J. Biomedical Science and Engineering, 2011, 4, 569582 JBiSE doi:10.4236/jbise.2011.49073 Published Online September 2011 (http://www.SciRP.org/journal/jbise/). Published Online September 2011 in SciRes. http://www.scirp.org/journal/JBiSE Generalized electrobiothermofluidic and dynamical modeling of cancer growth: statefeedback controlled cesium therapy approach Murad AlShibli College Requirement Unit, Abu Dhabi Polytechnic, Institute of Applied Technology, Abu Dhabi, United Arab Emirates. Email: murad.alshibli@iat.ac.ae Received 21 December 2010; revised 23 February 2011; accepted 5 July 2011. ABSTRACT This paper develops a generalized dynamical model to describe the interactive dynamics between normal cells, tumor cells, immune cells, drug therapy, elec tromagnetic field of the human cells, extracellular heat and fluid transfer, and intercellular fractional mass of Oxygen, cell acidity and Pancreatin enzyme. The overall dynamics stability, controllability and observability have been investigated. Moreover, Ce sium therapy is considered as a control input to the 11dimensional dynamics using statefeedback con trolled system and pole placement technique. This approach is found to be effective in driving the de sired rate of tumor cell kill and converging the sys tem to healthy equilibrium state. Furthermore, the ranges of the system dynamics parameters which lead to instability and growth of tumor cells have been identified. Finally, simulation results are demonstrated to verify the effectiveness of the ap plied approach which can be implemented success fully to cancer patients. Keywords: Cancer; Tumor Growth; Tumor Dynamics and Modeling; Immune System; Cesium Therapy; StateFeedback Control; Pole Placement 1. INTRODUCTION There are over 200 different types of cancer that affect virtually every organ in the body. They can seem bewil deringly different but all cancers share certain features as outlined by Douglas Hanahan and Robert Weinberg [1]. Six essential alterations in cell physiology that collec tively dictate malignant growth: selfsufficiency in growth signals, insensitivity to antigrowth signals, eva sion of programmed cell death (apoptosis), limitless rep licative potential, sustained angiogenesis, and tissue in vasion and metastasi. The technical report [2] presents what is known today concerning nonionizing electromagnetic field interac tion with the human body. Many significant and inter esting effects are identified. As an example, both theo ries and observations link nonionizing electromagnetic field to cancer in humans, in at least three different ways: as a cause, as a means of detection and as an effective treatment. A phasespace analysis of a mathematical model of tumor growth with an immune response and chemother apy is introduced in [3]. It is proved that all orbits and trajectories are bounded and converge to one of several possible equilibrium points. The addition of a drug to the system can move the solution trajectory into a desirable basin of attraction. State Dependent Riccati Equation (SDRE) based op timal control technique to a nonlinear tumor growth model is applied in [4]. The model consists of three bio logical cells which are normal tissue, tumor and immune cells. The effect of chemotherapy treatment is also in cluded in the model. Chemotherapy administration is considered as a control input to the nonlinear cancer dynamics and the amount of administered drug is deter mined by using SDRE optimal control. The optimal con trol is applied to the model in order not only to drive the tumor cells to the healthy equilibrium state but also to minimize the amount of the drug used. A basic mathematical model of the immune response when cancer cells are recognized is proposed. The model consists of six ordinary differential equations [5]. It is extended by taking into account two types of immuno therapy: active immunotherapy and adoptive immuno therapy. An analysis of the corresponding models is made to answer the question which of the presented methods of immunotherapy is better. Review [6] explains why mathematics is a powerful tool for interpreting such data by presenting case studies that illustrate the types of insight that realistic theoretical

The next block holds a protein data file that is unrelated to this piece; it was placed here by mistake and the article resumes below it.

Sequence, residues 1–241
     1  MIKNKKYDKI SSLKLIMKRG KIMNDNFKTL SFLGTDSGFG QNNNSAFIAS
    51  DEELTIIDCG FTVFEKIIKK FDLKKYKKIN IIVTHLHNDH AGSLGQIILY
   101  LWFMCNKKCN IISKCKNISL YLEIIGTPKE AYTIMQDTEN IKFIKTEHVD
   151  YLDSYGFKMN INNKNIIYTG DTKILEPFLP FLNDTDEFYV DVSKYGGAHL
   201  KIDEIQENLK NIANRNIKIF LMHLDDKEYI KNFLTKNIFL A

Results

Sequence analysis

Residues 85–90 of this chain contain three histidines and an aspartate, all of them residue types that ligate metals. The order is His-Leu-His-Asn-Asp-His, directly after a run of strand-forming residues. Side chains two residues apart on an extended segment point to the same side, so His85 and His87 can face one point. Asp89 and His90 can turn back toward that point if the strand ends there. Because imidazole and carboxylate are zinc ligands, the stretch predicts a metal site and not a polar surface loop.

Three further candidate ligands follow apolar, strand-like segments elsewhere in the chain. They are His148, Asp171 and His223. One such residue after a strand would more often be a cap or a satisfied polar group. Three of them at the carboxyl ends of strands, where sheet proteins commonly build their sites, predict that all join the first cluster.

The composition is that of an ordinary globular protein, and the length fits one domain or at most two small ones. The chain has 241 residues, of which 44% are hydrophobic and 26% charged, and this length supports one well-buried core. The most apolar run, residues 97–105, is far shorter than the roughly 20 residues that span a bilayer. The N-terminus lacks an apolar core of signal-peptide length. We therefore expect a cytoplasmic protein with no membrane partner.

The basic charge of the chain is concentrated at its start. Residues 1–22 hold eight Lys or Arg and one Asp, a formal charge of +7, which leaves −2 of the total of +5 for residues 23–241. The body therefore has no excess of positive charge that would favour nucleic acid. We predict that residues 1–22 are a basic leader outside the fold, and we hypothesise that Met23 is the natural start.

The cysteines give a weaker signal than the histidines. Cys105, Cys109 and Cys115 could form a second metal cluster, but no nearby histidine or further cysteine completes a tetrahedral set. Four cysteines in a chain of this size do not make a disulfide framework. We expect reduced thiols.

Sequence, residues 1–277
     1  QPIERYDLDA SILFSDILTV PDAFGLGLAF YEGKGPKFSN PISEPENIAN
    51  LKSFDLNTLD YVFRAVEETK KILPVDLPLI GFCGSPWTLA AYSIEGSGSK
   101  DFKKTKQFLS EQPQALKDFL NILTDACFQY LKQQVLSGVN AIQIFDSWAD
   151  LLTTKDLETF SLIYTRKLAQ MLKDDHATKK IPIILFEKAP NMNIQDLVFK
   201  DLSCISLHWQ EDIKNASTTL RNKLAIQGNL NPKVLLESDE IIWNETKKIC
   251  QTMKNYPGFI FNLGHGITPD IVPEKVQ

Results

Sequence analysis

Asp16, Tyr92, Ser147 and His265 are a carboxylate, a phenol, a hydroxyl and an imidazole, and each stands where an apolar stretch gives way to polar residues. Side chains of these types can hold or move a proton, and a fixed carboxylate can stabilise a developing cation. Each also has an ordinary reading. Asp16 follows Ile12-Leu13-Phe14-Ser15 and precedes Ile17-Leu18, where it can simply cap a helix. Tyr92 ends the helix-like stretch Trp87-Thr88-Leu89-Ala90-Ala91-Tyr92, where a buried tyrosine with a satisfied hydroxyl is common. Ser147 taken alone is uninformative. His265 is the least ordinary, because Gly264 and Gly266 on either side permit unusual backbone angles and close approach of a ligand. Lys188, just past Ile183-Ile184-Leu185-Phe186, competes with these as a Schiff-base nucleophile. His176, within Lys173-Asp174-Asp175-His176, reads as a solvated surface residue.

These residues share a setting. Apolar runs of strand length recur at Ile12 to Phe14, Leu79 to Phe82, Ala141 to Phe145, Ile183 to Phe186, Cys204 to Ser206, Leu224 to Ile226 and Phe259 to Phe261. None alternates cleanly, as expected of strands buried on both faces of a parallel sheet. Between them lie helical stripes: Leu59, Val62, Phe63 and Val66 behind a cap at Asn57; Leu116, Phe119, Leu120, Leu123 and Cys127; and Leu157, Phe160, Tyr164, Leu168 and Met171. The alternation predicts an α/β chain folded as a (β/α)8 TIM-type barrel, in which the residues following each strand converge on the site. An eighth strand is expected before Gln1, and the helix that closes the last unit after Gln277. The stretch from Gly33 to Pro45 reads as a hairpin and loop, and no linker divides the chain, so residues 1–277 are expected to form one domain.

M. AlShibli / J. Biomedical Science and Engineering 4 (2011) 569582 Copyright © 2011 SciRes. JBiSE models of solid tumour growth may yield. These range from discriminating between competing hypotheses for the formation of collagenous capsules associated with benign tumours to predicting the most likely stimulus for protease production in early breast cancer. Understanding the dynamics of human hosts and tu mors is of critical importance [7]. A mathematical model was developed that explored the immune response to tumors that was used to study a special type of treatment. This treatment approach uses elements of the host to boost its immune response in the hopes that the host can clear the tumor. Two models of optimizing tumor growth are presented in [8] In the first model optimal controls minimize the tumor volume for a given amount of angiogenic inhibi tors to be administered while the second formulation tries to achieve a balance between tumor reduction and total amount of angiogenic inhibitors given. For both models a full synthesis of optimal solutions determined by portions of bang and singular controls with rest peri ods is presented. The differences in the two solutions are discussed. A new mathematical model is developed for the dy namics between tumor cells, normal cells, immune cells, chemotherapy drug concentration and drug toxicity [9]. Then, the theorem of Lyapunov stability is applied to design treatment strategies for drug protocols that ensure a desired rate of tumor cell kill and push the system to the area with smaller tumor cells. Cells, whether cancerous or normal can only live and reproduce (undergo mitosis) in a pH range of between 6.5 and 7.5. A healthy cell has a pH of 7.35 while a can cer cell is more acidic. When the pH of a cancer cell goes above 7.5 it dies and if it goes above 8.0 it will die in a matter of hours. Every cell in the body works as millivolt battery. To successfully bring nourishment in, and take poisons out, it has to be fully charged. In a cancerous cell, the cell voltage drops from 90 millivolts to less than 40 milli volts. When the cell voltage gets to the very bottom, only 5 substances can pass in or out of the cell. They are water, sugar, potassium, cesium and rubidium. Oxygen cannot enter into a cancer cell. Even if there is a lot of oxygen in the blood, it won’t get into the cell. Potassium ions are responsible for the ability of glu cose to enter the cell. Potassium enters cancer cells in a normal manner so glucose still enters the cancer cell. Cancer cells have only 1% of the calcium content found in normal healthy cells. The calcium, magnesium and sodium ions, which are responsible for the intake of ox ygen into the cell, cannot enter the cancer cell but the potassium ion still enters these cells. Thus we have can cer cells containing glucose but no oxygen. A healthy individual has a blood oxygen level of be tween 98 and 100 as measured by a pulse oximeter. No bel Prize Laureate, Dr. Otto Warburg, discovered that when he lowered the oxygen levels of tissues by 35 % for 48 hours normal cells were converted into irreversi ble cancer cells [10]. Cancer patients have low levels of oxygen in their blood usually around 60 compared to normal values of about 100 by pulse oximetry. The common therapies used to treat cancer (chemotherapy and radiation) both cause drastic falls in the body's oxy gen levels. Tissues that are acidotic contain low levels of oxygen whereas tissues that are alkalotic have high lev els of oxygen. When oxygen fails to enter the cell the cell's ability to control, its pH is lost and the cell becomes quite acidic. This is caused by the appearance of abnormal metabo lism (anerobic glycolysis) in which glucose is converted (fermentation) into two particles of lactic acid. This production of lactic acid promptly lowers the ph within the cell to 6.5 or lower. The lactic acid damages the tem plate for proper DNA formation. Messenger RNA is also changed so the ability of the cell to control its growth is lacking. Rapid and uncontrolled cancer cell growth and division occurs. Vitamin C and zinc are able to enhance the uptake of cesium, rubidium, and potassium into can cer cells. Cancer cells develop a protein coating 13 times thick er than normal cells. This makes it difficult for the im mune system to attack them. By ingesting high doses of pancreatin, you can actually dissolve cancer cells inside the body [11]. In the natural course of one’s life time, millions of cancer cells develop, and are harmless ly digested by the immune system. The body uses pan creatin, a secretion from the pancreas to dissolve the cancer cells. As we age, the pancreas is less and less able to make this important substance. By taking pancreatin orally, it is possible to increase the levels of its active ingredients in the blood, thereby helping the body break down the cancer cells and remove them from circulation. The active ingredients in pancreatin which have shown to have tumor dissolving abilities are trypsin and chy motrypsin. These ingredients were taken out of virtually all the pancreatin supplements available to consumers years ago. These active ingredients are being bought in massive quantities by the sewerage industries to digest the sewerage into less noxious forms. Although many improvements and mathematical modeling have been introduced in the treatment of can cer, but majority has been limited to of modeling of normal cells, tumor cells, immune cells and cancer ther apy and toxicity effects. Moreover, development of treatment strategies requires many clinical experiments first on animals and then on humans in order to figure